No matter what your style of camping, it’s all about having fun in the outdoors

When we go camping, we gather our gear and go. What we carry depends on where we are heading, our mode of transportation, our planned housing and the duration of our trip.

To be clear, motor homes and truck campers are not camping. Those apparatuses are extensions of our kitchens. Kitchens, because food is the most important item in the camper’s repertoire. There are certainly other items such as sleeping bags, rain gear and footwear that are important. But as we all have heard, the way to a man’s heart is through his stomach.

Truck camping used to be the most common camping method. One throws a huge pop-up type tent in the back of the truck, several fold-up cots, various pots and pans, a propane stove and a cooler of drinks. Food usually consists of bacon, eggs, hot dogs, bread and a bunch of snacks. Extremely heavy on the snacks.

SUV traveling is somewhat different than truck camping. There is less “stuff” because there are usually less people.

The stove will be smaller. The tent may be attached to the car and there could be a blue tarp along. The latest trend may include a tent style outhouse. It is a mystery as to what is done with the waste.

The camping being discussed here are weekend trips. Longer travels require more preparation. Road trips need far less planning and care than off-road operations. Highway travel allows one to stop and buy everything that was forgotten. Pizza and showers are also on the menu.

True camping involves foot travel. What one carries will vary considerably with the length of the trip and trip objectives. Sheep hunters tend to stick with dehydrated food and oatmeal. A small high-tech stove that uses a minimum of fuel is almost a necessity. Food that only needs hot water is a must. Good taste is optional. What is carried in, is carried out.


Long trips where moving, as opposed to hunting or fishing, are the focus involve entirely different planning. Cooking is mostly done over a fire. The food carried is secondary to physical care and comfort.

Week-long excursions require excellent raingear, good sleeping bags and appropriate footwear. The food is not as important as the pot. Oatmeal, cream of wheat, pilot bread and peanut butter are staples. Honey, jerky and some sort of warm drink are also important.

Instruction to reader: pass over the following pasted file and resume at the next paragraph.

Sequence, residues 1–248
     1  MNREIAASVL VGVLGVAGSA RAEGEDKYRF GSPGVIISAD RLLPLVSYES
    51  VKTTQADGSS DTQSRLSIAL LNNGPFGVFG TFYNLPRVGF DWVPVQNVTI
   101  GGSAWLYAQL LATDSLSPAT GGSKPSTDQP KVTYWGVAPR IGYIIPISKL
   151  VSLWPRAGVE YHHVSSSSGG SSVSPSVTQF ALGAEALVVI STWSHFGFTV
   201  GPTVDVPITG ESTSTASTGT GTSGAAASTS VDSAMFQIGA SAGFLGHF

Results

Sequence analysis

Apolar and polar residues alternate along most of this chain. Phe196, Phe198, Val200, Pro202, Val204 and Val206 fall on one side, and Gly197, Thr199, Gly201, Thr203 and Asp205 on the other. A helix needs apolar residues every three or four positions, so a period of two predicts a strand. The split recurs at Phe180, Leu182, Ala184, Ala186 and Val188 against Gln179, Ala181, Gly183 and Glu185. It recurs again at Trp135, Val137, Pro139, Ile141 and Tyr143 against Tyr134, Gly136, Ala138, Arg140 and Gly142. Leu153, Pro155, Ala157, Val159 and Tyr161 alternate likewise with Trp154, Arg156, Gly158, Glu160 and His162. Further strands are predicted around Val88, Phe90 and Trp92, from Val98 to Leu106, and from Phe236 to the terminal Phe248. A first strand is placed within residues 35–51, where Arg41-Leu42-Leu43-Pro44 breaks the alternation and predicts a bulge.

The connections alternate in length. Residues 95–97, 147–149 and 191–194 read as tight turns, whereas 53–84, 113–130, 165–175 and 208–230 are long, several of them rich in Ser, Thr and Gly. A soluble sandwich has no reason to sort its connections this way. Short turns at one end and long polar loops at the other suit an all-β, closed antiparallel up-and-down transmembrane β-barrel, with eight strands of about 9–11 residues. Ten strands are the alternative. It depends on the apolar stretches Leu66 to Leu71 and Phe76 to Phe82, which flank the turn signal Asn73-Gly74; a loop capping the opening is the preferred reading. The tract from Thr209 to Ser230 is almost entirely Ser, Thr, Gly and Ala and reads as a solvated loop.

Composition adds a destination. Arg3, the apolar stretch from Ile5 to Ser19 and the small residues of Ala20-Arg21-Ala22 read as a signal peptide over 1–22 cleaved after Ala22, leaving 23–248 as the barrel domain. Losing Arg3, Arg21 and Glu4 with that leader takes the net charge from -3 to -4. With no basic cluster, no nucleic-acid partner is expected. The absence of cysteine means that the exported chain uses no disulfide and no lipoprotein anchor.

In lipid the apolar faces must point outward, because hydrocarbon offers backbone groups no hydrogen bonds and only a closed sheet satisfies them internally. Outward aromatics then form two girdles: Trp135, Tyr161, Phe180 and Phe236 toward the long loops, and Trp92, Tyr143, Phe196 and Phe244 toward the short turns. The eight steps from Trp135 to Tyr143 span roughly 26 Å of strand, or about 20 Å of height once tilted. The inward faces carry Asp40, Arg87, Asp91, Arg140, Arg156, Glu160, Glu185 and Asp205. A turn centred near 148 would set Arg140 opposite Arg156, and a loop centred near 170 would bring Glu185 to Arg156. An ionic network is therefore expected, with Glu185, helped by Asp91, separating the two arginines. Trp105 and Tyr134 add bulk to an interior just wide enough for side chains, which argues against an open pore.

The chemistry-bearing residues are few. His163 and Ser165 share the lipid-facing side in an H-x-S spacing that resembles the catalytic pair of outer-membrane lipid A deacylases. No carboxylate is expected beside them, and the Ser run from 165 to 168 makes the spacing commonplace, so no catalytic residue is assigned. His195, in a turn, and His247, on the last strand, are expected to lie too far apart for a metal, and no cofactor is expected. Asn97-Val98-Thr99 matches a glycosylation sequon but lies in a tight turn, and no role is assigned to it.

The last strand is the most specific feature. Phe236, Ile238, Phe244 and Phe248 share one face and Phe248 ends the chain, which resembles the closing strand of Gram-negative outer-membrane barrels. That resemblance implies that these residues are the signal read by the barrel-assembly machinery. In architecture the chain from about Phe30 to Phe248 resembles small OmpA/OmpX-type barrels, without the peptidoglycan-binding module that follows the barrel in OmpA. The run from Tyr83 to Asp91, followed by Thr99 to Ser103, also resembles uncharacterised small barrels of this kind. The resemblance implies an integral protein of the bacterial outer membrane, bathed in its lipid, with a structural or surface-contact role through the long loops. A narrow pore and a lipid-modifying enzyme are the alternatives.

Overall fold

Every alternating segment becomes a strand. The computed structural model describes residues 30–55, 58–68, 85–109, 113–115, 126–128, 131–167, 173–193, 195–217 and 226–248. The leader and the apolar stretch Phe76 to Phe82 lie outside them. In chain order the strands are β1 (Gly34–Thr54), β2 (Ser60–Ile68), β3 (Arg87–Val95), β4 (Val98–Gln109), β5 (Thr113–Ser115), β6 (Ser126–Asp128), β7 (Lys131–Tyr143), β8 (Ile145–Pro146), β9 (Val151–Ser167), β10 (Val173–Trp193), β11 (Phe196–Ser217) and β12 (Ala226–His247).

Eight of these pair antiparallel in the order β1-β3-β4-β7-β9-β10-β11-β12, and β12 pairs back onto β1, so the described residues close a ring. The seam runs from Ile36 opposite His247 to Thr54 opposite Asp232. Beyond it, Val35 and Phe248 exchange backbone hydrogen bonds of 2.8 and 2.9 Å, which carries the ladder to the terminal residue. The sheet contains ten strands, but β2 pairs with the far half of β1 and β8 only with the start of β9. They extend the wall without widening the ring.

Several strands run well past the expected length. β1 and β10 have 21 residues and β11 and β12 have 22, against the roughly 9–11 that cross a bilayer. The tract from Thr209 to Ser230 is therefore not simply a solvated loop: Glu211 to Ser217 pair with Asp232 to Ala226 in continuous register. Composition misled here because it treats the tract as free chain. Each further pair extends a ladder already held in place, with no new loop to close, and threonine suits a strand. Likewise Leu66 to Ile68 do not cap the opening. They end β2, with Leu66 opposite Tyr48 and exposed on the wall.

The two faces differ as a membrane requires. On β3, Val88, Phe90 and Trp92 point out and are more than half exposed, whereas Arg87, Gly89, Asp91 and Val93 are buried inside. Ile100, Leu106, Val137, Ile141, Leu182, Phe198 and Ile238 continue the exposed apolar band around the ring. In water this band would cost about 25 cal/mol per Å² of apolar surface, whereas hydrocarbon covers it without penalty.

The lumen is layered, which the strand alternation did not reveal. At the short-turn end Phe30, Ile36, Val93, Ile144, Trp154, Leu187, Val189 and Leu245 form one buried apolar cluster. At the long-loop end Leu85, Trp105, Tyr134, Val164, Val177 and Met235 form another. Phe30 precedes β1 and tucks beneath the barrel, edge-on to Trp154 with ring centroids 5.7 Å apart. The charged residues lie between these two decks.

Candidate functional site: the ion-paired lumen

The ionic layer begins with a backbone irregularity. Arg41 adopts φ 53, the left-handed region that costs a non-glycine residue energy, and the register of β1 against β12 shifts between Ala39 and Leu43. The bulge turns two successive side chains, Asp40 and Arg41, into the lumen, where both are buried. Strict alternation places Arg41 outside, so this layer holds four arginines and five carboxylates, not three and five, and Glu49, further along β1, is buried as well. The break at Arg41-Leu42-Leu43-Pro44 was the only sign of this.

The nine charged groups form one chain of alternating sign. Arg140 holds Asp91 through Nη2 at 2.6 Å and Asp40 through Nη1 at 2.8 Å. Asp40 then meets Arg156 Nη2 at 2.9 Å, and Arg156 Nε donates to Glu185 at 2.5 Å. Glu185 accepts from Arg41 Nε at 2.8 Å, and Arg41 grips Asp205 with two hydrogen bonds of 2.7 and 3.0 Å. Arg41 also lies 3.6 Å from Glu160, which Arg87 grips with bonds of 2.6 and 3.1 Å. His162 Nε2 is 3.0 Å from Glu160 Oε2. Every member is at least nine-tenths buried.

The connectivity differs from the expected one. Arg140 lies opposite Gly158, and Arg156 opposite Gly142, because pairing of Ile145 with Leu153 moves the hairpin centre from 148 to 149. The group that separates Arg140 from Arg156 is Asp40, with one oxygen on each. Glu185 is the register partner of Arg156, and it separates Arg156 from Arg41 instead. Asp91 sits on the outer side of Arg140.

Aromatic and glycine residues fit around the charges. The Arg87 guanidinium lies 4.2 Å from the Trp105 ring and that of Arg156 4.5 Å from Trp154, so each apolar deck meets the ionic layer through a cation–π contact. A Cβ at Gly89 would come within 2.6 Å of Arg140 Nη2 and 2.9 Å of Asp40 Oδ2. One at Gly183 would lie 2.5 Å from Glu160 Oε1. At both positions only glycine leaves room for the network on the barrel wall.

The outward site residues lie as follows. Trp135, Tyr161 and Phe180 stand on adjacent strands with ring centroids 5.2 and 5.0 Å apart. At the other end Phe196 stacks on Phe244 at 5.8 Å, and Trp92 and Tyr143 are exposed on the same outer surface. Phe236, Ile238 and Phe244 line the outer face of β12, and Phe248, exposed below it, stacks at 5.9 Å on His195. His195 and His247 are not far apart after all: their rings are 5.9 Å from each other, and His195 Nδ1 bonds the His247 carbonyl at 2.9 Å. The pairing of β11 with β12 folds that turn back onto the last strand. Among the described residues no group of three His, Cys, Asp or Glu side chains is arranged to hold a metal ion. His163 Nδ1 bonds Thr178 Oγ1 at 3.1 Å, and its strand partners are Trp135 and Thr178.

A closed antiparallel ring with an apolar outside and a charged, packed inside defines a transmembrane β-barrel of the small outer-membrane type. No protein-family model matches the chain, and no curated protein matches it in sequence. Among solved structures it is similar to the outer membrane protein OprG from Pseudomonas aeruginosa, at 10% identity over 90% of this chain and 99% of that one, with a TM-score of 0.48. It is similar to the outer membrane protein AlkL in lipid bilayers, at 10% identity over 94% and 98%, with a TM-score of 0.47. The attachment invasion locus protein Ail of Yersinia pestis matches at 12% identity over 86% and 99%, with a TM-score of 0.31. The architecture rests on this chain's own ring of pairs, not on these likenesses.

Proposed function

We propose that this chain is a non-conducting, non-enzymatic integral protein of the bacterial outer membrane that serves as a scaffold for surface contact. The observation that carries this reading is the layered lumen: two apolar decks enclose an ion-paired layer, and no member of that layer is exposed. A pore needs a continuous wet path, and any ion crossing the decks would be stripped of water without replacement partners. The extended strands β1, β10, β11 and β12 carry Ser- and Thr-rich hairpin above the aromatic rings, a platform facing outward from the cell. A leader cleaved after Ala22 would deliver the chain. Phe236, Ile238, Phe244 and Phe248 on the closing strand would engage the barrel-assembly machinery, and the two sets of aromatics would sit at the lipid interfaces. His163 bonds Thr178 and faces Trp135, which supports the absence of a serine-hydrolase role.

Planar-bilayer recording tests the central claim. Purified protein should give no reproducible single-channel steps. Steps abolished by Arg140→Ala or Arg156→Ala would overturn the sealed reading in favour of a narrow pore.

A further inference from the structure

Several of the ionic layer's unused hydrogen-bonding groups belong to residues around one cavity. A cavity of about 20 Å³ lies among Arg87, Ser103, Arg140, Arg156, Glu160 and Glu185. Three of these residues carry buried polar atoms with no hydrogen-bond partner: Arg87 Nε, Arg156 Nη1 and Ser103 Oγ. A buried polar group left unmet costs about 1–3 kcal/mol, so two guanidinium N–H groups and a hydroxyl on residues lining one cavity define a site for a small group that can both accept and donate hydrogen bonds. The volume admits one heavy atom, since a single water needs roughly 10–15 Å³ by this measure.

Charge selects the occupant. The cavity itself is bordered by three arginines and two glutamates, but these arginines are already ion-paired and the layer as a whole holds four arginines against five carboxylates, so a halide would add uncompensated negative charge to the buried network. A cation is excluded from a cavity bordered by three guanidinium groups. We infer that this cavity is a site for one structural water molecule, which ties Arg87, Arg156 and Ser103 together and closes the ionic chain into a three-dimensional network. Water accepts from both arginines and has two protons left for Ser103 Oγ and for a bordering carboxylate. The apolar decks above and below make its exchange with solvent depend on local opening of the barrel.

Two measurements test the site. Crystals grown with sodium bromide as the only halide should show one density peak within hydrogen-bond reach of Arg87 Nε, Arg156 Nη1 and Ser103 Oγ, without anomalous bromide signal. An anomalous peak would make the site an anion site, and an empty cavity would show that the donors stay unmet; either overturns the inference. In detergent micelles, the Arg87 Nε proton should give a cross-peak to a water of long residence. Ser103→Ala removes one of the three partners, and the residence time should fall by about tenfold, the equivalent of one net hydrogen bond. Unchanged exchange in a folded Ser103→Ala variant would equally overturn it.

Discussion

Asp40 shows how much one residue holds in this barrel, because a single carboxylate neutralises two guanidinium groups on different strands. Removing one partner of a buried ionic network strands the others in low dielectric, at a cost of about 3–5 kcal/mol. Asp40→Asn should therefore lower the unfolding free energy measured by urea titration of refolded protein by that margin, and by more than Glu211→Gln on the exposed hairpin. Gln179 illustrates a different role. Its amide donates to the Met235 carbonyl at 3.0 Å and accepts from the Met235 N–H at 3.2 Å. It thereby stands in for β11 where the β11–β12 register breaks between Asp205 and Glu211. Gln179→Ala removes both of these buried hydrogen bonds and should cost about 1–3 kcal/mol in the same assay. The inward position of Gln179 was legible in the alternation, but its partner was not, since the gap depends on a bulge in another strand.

Back in the day, true excursions took months. Some took years. Food was not the primary consideration. Physical care was the key to a successful expedition. There’s some great photos scattered here and there on the internet and in Arctic expedition publications depicting some minimalistic camps. A tarp, a pot, a bit of rope and sleeping paraphernalia were the extent of preparedness.

I took a personal trip that covered 40 days; completely off road, without contact or resupply. There was no sleeping bag, no tarp; just excellent rain gear. It was a summer trip into unfamiliar country. Fishing gear and snares were the focus of my food supply. Concessions were a couple pounds of pilot bread, peanut butter, honey, oatmeal, and rice.

The first week was a bit tough until I was acclimated. I had insulated tennis shoes and extra socks for foot care. Looking back, good knee boots would have been a better choice.

There is another type of camping that has to be discussed. Trappers going to the Bush and commercial fishermen headed to the water.

While these trips are not normally thought of as “camping,” they have similarities. Participants leave their comfort zones for an extended period of time. A big difference is what can be brought along. Space is at a premium. Trappers are the most limited as they could be out without resupply for several months. Flour, sugar, salt, beans and rice are the same basic necessities now as they have been for generations.

Boat food can be quite different. Quick food is a necessity. Soups, ramen noodles and minute rice. Oatmeal, eggs, bacon and pancakes are familiar items. My crew has some specialty items: avocados and mangoes are an occasional addition to the diet.

As you can see, camping or traveling across country is an individualistic enterprise. Some might look at my food list and say; “eeew, yuk!” So be it. Go camp, make your own list, but whatever you choose to travel, whatever your food choices, have a great time outdoors.

John Schandelmeier

Outdoor opinion columnist John Schandelmeier is a lifelong Alaskan who lives with his family near Paxson. He is a Bristol Bay commercial fisherman and two-time winner of the Yukon Quest.